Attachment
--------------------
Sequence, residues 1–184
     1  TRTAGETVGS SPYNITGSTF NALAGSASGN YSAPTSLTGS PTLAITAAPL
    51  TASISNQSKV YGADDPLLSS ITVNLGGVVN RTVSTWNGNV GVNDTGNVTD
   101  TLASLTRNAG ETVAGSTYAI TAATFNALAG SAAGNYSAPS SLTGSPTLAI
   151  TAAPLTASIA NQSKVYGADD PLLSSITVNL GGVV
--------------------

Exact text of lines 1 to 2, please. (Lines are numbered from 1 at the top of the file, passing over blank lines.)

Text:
Sequence, residues 1–184
     1  TRTAGETVGS SPYNITGSTF NALAGSASGN YSAPTSLTGS PTLAITAAPL